Listen, Whitey! The Sounds of Black Power 1967-1974 takes its title from the B-side of a 1972 Folkways release -- a half-hour documentation of reactions to the assassination of Dr. Martin Luther King Jr. Anyone offended or amused by the title should consider what might prompt the exclamation. The disc was released around the same time as an accompanying 200-page book that is rich with photos, record-sleeve scans, and text. Much of the music covered in the book, such as Detroit's Tribe organization, Eddie Kendricks' People...Hold On, and Kuumba Toudie-Heath's Kawaida, does not appear on the disc, but there is a bounty of rare material, none of which should ever be inaccessible again. Three selections come from Motown subsidiary Black Forum, including Stokely Carmichael's "Free Huey" -- an excerpt from a 1968 speech that covers the genocide of Native Americans, defense of activist H. Rap Brown, and "patience with our people" as a means of empowerment -- and the phenomenal song "Until We're Free," recorded by Elaine Brown a year prior to her becoming the leader of the Black Panther Party. Many other prominent figures, including the in-exile Eldridge Cleaver and the pointedly humorous Dick Gregory, along with pioneering firebrand groups the Last Poets and Watts Prophets, are present with other highlights. Tributes to George Jackson and Angela Davis, from Bob Dylan and John & Yoko/Plastic Ono Band, as well as the un-ironic "I Hate the White Man" -- from English folk musician Roy Harper -- represent the contributions from non-black sources. This disc, containing a thick booklet full of images and illuminating text (provided by author and compiler Pat Thomas), is a crucial piece of U.S. history that is deeply resonant in the present. The same thing can be said of the book.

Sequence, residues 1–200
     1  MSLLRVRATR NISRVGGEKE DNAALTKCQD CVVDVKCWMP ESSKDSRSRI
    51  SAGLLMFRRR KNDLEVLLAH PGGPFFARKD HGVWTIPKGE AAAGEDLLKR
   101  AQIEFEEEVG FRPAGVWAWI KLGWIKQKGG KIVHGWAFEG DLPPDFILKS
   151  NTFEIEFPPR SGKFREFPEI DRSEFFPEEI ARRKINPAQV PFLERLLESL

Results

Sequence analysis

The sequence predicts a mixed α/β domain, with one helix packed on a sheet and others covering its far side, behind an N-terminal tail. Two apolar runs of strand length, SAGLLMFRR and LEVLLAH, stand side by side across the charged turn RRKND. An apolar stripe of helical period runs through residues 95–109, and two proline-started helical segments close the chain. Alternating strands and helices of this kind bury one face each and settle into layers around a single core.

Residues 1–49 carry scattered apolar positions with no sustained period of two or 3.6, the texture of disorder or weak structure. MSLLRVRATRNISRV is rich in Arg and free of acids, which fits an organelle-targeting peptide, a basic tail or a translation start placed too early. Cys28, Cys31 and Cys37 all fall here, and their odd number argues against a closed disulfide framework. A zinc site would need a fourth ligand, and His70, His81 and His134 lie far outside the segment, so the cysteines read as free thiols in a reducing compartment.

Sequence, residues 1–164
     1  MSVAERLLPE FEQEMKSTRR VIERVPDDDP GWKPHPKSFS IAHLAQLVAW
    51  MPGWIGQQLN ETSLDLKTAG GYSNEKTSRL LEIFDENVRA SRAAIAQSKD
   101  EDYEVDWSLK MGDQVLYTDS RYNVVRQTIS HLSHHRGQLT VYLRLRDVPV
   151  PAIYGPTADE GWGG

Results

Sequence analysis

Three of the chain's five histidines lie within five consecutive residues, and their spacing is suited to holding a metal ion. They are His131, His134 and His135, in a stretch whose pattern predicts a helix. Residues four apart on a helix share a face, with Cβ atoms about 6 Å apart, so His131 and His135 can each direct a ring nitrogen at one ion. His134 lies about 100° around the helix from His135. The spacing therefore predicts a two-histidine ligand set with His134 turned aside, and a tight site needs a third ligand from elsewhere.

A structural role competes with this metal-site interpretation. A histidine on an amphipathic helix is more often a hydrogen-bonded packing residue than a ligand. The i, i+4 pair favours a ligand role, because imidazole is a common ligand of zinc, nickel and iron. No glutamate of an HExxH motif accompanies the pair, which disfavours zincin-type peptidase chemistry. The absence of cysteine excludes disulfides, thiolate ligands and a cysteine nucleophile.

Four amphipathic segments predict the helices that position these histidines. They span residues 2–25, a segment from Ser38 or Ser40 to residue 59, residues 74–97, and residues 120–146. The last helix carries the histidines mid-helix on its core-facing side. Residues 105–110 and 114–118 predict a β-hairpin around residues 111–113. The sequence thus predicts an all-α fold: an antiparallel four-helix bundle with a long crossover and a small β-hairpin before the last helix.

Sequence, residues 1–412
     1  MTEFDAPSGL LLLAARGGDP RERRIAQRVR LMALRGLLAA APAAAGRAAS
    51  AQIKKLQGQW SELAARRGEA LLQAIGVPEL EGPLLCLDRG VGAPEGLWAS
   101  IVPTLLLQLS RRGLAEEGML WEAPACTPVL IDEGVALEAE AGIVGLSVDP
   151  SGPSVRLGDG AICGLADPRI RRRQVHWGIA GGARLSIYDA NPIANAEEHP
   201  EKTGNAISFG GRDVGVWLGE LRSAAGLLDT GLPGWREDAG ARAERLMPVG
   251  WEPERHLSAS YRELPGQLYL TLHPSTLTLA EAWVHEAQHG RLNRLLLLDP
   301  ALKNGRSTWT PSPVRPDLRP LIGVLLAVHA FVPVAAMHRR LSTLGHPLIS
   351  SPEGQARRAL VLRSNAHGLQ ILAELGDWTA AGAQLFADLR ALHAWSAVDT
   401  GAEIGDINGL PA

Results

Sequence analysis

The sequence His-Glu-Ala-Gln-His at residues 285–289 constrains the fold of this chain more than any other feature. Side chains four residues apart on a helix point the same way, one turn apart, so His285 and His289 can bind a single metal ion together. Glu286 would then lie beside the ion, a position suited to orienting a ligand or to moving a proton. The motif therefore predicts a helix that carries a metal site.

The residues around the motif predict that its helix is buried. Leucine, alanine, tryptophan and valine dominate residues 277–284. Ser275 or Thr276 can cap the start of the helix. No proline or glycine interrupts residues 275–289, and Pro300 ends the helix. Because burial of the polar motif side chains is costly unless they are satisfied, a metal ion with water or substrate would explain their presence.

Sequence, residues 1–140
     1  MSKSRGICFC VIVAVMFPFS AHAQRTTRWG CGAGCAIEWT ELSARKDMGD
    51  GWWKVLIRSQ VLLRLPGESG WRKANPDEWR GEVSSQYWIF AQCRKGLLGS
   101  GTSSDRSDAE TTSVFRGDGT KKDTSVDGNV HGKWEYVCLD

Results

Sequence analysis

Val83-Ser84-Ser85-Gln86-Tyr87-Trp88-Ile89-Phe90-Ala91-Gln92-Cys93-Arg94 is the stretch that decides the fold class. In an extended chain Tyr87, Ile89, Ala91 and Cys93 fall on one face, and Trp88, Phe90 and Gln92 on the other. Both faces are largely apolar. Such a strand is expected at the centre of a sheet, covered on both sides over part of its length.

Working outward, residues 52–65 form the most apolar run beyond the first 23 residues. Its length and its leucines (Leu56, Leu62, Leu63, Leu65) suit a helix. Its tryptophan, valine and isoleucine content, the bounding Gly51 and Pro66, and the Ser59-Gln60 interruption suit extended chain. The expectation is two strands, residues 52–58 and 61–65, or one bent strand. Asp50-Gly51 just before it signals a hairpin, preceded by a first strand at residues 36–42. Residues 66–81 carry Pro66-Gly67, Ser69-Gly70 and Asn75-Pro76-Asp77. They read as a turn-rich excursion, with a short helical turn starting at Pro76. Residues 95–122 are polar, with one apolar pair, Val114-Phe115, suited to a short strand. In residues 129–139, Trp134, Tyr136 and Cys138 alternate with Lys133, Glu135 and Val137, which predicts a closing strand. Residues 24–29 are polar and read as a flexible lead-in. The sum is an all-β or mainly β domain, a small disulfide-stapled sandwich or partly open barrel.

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AllMusic Review by Andy Kellman